President Obama, in outlining his new education plan this week, didn’t utter the phrase “massive open online courses” or its handy acronym, but one could think otherwise, looking at the news articles, blog posts and tweets declaring that Obama has caught “MOOC fever.”
The president’s plan calls for tying federal aid into a college ranking system that would measure the average tuition, size of student debt, and amount of innovation on campuses.
“We want to encourage more colleges to embrace innovative new ways to prepare our students for a 21st century economy and maintain a high level of quality without breaking the bank,” Obama said, before listing some existing alternatives that included competency-based learning at Southern New Hampshire University, online courses at Arizona State University, and a certain online-only master’s degree program at Georgia Tech.
Competency-based learning and Georgia Tech’s master’s program are familiar concepts to MOOC supporters and detractors, and their inclusion in Obama’s plan, which he has promised will “shake up the current system,” has inspired both praise and criticism.
Differing opinions on MOOCs is nothing new, with fans of the online courses pointing to the ability for students and colleges to save money by utilizing them, and critics pointing out MOOCs’ low retention rates.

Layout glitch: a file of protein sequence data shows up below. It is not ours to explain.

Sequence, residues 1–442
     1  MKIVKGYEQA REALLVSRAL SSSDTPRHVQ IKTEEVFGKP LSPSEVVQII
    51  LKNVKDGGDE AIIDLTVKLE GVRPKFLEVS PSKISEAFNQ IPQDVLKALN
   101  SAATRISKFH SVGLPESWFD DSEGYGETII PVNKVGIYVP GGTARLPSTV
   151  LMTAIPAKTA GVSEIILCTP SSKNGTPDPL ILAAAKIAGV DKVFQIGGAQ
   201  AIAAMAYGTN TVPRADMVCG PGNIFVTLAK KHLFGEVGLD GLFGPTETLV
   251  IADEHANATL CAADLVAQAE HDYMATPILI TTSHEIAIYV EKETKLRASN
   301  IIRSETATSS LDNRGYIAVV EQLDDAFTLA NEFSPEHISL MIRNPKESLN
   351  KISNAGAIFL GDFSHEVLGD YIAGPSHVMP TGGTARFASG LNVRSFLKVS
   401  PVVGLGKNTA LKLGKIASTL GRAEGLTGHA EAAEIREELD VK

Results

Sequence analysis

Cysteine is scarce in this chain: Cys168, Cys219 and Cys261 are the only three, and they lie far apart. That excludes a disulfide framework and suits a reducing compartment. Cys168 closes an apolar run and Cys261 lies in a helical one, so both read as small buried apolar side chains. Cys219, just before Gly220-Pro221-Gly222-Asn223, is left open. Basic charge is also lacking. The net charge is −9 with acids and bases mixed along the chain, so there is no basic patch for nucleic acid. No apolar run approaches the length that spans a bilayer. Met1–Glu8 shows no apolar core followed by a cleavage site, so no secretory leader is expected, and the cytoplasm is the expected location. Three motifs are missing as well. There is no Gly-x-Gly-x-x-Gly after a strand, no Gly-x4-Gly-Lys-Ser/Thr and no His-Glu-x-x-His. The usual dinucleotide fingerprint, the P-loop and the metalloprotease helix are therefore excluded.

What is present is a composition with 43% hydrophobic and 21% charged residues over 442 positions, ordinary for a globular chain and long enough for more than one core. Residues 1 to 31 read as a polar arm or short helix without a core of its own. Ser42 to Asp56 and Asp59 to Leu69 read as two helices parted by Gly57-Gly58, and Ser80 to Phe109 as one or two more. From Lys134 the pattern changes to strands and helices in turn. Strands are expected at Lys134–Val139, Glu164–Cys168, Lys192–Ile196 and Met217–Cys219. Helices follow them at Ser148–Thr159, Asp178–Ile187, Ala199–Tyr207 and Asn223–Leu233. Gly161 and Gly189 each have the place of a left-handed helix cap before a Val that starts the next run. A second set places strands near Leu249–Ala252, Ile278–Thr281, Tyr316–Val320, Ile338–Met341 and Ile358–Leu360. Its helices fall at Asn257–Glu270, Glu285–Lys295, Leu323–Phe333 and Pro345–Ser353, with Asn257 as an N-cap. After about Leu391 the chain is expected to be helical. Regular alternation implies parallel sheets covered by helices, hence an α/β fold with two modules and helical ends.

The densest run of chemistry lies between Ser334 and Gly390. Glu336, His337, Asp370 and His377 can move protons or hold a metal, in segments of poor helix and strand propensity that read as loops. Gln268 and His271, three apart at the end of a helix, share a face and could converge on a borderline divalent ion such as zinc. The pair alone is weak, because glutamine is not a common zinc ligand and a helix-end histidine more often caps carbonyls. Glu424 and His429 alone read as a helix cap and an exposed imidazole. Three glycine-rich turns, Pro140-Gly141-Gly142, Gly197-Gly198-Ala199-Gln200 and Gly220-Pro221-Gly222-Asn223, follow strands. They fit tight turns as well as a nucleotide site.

Some faculty have expressed concern that with widespread MOOC adoption, many of them could be out of a job. Others in higher education were encouraged by the president’s enthusiasm for experimental online classes.
“It’s part of a continuum, not the only solution,” said Ray Schroeder, director of the Center for Online Learning at the University of Illinois at Springfield. “Overall, I think it’s very positive to encourage ways in which we can lower the cost of education.”
See Page 2 for details on how MOOCs are just one part of a larger push for innovation on campuses.